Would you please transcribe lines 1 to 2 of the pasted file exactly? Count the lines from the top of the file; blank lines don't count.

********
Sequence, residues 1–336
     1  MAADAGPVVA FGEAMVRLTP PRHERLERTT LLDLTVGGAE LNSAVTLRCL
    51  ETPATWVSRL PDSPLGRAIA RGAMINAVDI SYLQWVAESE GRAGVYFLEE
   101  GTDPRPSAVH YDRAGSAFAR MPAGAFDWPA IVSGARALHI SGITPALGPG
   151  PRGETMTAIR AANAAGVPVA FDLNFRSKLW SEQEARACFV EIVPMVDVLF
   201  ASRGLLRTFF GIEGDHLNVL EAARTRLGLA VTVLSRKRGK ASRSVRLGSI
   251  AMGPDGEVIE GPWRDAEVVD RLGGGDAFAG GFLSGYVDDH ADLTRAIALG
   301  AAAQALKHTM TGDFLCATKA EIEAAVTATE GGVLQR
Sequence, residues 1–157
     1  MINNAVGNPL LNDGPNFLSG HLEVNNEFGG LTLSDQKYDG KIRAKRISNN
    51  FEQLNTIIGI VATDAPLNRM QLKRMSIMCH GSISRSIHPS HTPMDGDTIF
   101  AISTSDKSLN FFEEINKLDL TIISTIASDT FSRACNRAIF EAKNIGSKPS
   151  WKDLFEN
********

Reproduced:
Sequence, residues 1–336
     1  MAADAGPVVA FGEAMVRLTP PRHERLERTT LLDLTVGGAE LNSAVTLRCL